Patent foramen ovale (PFO)
At Children’s Hospital Boston, we know that the first step in treating your child is forming an accurate, complete and timely diagnosis.
If your baby has a bluish skin tint, or if your young child is experiencing symptoms of a congenital heart defect, your pediatrician will refer you to a pediatric cardiologist (and/or neonatologist), who will perform a physical exam. Your child’s doctor will listen to your baby’s heart and lungs, measure the oxygen level in his blood (non-invasively) and make other observations that help to determine the diagnosis.
Your child’s cardiologist will also investigate whether he has a heart murmur—a noise heard through the stethoscope that’s caused by the turbulence of blood flow. The location in the chest where the murmur is best heard, as well as the sound and character of the murmur itself, will give the cardiologist an initial idea of the kind of heart problem your baby may have.
Some combination (not necessarily all) of the following medical tests is also used to diagnose a PFO:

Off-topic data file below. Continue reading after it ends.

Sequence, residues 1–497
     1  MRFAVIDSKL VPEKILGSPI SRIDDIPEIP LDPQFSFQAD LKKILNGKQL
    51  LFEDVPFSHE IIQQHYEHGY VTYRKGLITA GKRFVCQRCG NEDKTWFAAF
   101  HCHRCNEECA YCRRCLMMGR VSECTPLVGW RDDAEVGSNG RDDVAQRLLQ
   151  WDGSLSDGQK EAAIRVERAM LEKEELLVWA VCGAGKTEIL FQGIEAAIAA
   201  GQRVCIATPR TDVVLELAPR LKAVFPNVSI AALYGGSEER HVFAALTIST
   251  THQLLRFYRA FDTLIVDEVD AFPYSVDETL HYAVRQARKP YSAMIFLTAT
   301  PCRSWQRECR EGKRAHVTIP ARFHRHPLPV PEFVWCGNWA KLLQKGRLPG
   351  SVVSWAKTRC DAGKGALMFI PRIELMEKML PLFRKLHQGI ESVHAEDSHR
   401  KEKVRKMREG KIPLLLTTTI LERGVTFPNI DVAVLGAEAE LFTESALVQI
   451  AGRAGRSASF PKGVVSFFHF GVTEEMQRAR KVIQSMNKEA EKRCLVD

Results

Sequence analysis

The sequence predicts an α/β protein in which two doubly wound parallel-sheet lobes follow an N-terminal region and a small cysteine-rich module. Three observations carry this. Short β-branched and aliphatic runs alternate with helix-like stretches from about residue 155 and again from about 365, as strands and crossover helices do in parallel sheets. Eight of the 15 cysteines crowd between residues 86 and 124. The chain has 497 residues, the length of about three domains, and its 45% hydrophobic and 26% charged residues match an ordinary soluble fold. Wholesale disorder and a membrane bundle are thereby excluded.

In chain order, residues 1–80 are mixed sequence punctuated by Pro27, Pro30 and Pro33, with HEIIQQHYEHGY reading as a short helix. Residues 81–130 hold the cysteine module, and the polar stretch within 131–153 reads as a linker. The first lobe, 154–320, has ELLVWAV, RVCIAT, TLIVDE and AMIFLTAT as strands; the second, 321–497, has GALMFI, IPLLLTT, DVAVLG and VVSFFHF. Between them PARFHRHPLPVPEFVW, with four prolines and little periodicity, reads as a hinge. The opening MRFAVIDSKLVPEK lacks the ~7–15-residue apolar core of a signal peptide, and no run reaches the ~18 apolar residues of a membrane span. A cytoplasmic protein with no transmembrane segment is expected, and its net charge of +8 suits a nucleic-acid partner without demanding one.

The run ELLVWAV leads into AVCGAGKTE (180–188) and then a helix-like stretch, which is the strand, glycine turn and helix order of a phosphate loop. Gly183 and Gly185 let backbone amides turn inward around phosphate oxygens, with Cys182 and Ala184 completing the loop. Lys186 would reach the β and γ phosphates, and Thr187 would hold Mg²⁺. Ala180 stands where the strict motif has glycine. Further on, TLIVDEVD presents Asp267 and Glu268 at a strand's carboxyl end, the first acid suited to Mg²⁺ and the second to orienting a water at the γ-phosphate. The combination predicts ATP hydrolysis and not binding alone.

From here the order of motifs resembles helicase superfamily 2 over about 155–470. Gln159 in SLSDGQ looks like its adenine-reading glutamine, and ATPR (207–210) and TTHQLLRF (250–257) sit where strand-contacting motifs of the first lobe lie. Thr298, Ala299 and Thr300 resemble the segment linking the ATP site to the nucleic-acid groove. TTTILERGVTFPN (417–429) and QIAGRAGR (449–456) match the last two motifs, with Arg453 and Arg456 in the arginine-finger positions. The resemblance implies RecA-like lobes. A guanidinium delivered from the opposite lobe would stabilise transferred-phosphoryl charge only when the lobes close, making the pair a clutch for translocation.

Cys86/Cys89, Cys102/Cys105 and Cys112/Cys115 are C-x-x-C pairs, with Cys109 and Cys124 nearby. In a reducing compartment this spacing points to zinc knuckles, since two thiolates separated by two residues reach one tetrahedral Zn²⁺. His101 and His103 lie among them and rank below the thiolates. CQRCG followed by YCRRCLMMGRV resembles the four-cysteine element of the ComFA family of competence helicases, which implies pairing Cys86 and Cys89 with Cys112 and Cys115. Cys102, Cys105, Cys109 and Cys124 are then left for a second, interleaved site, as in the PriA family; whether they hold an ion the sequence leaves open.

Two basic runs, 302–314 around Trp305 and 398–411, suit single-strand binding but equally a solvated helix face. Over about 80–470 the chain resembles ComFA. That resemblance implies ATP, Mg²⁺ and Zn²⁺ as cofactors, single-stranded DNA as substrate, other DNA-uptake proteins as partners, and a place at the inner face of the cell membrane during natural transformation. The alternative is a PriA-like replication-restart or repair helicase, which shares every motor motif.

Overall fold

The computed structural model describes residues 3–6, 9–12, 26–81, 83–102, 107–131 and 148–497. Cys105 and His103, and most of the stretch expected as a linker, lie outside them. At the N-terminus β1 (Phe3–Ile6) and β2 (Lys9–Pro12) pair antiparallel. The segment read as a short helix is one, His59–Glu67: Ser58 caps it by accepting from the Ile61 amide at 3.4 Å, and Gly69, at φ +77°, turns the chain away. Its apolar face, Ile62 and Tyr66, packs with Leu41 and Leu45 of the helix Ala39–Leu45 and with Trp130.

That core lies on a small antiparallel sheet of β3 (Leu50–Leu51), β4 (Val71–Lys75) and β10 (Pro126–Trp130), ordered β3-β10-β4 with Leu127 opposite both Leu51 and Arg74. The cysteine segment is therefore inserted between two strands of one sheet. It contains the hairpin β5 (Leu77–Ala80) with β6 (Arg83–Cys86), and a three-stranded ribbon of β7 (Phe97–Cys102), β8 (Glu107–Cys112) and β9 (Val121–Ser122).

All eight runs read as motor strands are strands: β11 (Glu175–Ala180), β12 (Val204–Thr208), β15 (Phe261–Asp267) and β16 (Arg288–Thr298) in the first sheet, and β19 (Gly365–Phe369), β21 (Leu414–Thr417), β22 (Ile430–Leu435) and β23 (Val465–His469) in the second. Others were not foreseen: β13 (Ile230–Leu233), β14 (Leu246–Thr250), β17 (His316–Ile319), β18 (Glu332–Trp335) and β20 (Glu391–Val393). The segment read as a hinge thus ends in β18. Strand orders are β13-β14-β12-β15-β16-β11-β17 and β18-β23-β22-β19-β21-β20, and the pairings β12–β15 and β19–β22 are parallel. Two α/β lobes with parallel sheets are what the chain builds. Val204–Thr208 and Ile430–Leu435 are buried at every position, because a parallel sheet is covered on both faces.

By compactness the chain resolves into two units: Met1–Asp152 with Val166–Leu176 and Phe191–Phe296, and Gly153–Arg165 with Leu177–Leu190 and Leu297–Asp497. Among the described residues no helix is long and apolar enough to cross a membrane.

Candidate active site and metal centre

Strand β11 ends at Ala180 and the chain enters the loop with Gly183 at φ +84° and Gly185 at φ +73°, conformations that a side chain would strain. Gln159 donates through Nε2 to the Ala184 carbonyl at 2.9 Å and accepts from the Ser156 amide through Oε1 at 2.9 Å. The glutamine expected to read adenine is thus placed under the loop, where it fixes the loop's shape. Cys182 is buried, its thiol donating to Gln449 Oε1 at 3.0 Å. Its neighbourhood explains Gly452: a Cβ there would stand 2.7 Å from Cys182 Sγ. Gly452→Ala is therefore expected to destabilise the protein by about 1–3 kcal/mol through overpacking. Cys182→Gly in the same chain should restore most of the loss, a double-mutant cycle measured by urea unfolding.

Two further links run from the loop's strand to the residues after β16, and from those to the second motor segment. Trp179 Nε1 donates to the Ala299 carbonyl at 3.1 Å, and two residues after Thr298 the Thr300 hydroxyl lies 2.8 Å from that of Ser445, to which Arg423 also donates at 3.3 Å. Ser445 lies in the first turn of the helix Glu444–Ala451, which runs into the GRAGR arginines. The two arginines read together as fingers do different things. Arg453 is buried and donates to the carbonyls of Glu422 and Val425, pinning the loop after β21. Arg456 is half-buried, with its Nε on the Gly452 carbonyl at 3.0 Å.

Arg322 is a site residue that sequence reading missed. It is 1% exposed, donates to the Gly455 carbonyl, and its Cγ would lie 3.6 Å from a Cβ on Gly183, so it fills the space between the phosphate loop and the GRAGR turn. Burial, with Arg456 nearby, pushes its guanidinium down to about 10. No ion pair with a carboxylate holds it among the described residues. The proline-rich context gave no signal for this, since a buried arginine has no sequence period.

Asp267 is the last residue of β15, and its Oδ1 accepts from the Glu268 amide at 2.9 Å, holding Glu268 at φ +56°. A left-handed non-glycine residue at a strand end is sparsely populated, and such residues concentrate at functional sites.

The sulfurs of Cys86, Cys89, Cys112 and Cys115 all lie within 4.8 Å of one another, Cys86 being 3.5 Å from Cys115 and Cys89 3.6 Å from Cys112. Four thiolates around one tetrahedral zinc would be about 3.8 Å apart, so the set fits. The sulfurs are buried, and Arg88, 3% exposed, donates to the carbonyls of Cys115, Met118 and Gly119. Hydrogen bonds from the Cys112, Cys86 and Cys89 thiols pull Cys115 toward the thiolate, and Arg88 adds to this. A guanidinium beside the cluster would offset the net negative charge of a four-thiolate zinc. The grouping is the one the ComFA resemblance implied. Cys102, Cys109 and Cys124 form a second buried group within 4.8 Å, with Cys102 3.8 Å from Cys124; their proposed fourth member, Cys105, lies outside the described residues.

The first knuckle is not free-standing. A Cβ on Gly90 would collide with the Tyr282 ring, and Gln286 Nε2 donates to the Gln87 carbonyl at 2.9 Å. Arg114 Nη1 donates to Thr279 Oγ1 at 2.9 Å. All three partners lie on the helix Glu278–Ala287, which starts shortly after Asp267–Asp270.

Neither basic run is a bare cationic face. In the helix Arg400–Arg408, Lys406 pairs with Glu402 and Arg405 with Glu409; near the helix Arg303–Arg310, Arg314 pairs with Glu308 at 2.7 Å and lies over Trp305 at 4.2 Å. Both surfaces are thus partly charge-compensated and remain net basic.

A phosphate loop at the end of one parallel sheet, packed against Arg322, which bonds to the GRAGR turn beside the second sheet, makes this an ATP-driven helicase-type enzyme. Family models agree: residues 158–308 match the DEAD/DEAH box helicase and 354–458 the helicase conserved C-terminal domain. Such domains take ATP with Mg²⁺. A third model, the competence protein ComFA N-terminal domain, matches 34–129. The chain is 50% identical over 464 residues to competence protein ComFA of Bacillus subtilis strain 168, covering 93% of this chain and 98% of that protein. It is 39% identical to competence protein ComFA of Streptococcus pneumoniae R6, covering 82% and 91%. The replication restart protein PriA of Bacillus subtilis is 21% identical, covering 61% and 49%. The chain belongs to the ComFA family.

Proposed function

- electrocardiogram (EKG): An EKG is used to evaluate the electrical activity of your child’s heart. An EKG is usually the initial test for detecting a PFO. It is performed by placing electrodes on the arms, legs and chest to record the electrical activity. The test takes five minutes or less and involves no pain or discomfort.
- echocardiogram (cardiac ultrasound): An echocardiogram evaluates the structure and function of your child’s heart using electronically recorded sound waves that produce a moving picture of the heart and heart valves. If your baby has a PFO, the ultrasound will reveal the right-to-left shunting of blood across the hole. No discomfort is involved. It takes 30-60 minutes. Younger children may need to be sedated.
Children’s proud history of heart care innovation
In 1938, Children’s cardiac surgeon Robert Gross, MD, performed the world’s first successful surgery to correct a child’s heart defect. Since that time, we have gained recognition around the globe for our leadership in pediatric cardiology, and continue to make critical advances in the field. In 2011, U.S. News & World Report ranked Children’s cardiology and cardiac surgery programs at the top of the nation’s pediatric hospitals.